Nowadays, your Twitter feed is likely consumed with an endless barrage of politic rants, sports highlights, and cat GIFS. But beneath all the headlines and commentary is useful data that is becoming more and more important to public health research.

Case in point: The growing e-cigarette trend.

To better understand why people start using e-cigarettes in the first place, as well as why they continue vaping, San Diego State University researcher and public health expert John W. Ayers mined and analyzed Twitter data from over 3 million public tweets in 2012 and in 2015. (With Twitter data in particular, Ayers argues, researchers can "listen in to what people are naturally saying about e-cigarettes to their friends rather than a surveyor.")

His finding: People's reasons for vaping have changed noticeably and somewhat surprisingly, according to the work published Thursday in the journal Plos One.

In 2012, 43% of tweets indicated that people started vaping because they wanted to quit "combustibles" (a.k.a. cigarettes and other "analog" smoking tobacco products), the research indicated. In second place came "social image" (21%), followed by the convenience of vaping indoors (14%), available flavors (14%), percieved safety (9%), lower cost (3%), and better smell (2%).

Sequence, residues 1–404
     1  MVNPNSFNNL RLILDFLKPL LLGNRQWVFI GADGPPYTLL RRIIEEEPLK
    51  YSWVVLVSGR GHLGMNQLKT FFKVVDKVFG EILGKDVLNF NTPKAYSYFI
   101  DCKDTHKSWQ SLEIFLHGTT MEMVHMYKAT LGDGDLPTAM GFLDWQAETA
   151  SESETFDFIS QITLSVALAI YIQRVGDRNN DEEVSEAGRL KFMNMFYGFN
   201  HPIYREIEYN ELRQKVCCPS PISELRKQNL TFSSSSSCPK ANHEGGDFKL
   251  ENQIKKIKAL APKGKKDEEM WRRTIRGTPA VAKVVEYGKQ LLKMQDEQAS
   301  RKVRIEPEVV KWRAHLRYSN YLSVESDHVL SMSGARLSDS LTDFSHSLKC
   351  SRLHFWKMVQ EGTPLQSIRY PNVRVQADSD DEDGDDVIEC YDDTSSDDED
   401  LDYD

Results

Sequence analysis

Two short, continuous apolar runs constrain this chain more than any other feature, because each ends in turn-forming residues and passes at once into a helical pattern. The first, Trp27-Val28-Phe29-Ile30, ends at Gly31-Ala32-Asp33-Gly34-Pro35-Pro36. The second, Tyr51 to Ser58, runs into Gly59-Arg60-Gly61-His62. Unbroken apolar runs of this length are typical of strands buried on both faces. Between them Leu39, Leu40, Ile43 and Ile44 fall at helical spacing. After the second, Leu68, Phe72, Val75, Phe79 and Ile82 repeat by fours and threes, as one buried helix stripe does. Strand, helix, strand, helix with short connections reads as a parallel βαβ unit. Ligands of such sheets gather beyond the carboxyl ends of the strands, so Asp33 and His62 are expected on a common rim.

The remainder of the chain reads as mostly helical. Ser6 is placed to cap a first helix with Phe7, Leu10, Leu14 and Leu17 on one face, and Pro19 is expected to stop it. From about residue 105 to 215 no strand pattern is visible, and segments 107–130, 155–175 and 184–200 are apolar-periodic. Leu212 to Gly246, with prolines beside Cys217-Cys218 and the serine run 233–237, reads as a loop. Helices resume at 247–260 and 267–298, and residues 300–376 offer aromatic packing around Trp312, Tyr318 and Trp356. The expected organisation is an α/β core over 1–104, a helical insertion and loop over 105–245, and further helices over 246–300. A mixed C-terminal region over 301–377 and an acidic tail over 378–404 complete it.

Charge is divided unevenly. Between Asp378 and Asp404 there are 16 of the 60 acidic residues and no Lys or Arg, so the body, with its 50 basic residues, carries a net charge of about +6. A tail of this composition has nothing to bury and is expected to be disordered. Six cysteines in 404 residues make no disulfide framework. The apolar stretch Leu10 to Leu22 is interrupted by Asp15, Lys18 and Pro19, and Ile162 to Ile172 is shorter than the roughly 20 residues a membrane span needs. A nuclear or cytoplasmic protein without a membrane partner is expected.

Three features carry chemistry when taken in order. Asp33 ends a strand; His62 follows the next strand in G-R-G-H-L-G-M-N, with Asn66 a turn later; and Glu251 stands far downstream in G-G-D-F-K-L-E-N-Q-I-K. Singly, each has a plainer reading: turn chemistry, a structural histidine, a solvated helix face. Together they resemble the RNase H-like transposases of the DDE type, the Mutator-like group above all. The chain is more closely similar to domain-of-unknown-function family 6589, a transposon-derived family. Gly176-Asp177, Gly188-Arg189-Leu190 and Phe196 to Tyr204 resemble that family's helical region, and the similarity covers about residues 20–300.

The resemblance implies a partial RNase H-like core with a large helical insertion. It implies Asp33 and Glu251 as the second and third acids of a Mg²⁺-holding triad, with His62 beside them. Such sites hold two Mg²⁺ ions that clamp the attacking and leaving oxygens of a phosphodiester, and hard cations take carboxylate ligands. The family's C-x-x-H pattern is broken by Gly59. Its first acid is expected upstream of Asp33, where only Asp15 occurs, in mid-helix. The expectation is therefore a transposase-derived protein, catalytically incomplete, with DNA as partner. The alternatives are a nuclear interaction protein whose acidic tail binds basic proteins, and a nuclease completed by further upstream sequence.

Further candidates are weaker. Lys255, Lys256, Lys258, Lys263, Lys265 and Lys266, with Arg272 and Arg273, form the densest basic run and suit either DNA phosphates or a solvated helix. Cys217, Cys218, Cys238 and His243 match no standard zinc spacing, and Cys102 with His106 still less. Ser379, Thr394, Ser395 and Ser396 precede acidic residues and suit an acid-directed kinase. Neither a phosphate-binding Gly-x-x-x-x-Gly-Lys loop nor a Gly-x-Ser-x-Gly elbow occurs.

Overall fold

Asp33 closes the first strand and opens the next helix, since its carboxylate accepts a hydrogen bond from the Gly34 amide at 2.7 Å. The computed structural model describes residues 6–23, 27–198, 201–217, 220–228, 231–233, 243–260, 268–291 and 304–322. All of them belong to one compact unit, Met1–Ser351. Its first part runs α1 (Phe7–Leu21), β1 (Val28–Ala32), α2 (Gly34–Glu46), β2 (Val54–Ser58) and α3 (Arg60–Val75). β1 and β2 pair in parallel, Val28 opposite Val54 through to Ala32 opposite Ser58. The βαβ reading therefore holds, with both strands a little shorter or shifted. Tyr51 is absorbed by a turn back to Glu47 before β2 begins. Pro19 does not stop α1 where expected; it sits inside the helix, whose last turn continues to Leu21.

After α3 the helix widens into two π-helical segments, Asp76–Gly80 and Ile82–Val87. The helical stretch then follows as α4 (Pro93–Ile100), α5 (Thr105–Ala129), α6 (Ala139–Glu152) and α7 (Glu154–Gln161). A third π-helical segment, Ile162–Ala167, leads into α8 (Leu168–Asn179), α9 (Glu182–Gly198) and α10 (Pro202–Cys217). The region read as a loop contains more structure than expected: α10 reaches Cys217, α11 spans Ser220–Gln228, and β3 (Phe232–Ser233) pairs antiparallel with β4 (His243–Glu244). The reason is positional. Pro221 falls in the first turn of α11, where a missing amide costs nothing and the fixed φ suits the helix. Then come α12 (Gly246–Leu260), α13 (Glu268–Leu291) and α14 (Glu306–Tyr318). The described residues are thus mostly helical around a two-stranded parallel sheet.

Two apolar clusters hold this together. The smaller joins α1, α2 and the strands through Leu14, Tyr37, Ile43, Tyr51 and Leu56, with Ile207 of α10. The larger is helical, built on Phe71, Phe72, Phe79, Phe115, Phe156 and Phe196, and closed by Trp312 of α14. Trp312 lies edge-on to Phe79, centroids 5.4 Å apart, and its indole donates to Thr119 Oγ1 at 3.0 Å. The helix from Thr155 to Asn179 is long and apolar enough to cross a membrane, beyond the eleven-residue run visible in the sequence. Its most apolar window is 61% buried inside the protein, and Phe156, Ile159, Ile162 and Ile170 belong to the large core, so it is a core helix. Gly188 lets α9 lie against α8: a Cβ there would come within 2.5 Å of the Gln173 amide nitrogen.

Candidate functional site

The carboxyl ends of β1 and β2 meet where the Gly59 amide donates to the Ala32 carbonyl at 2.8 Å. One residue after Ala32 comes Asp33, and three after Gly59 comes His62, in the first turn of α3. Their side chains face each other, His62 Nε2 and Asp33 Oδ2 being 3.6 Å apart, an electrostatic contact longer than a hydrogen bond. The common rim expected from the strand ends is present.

In 2015, however, our tweeting vapers seemed to change their minds. While mentions of "quitting combustibles" significantly declined, tweets pertaining to "social image" dramatically rose to 37%, making it the most common reason people said they'd started vaping.

To summarize: "The reasons people vape shifted away from cessation and toward social image during the time that e-cigarettes evolved from a cessation device to a freestanding tobacco product attracting smokers and nonsmokers alike," said Jon-Patrick Allem, one of the study's co-authors and a fellow at the University of Southern California's Tobacco Center of Regulatory Science.

But if there's one thing to take away from this study, it's that some of the reasons users cited—like lower cost and cessation—can in fact be misleading. For example, "vaping may be no less expensive than smoking combustibles," said Eric Leas, another co-author and graduate student at UCSD. And if quitting "combustible" cigarettes is your ultimate goal, it's important to know that one study found that using e-cigarettes may actually decrease your chances of quitting.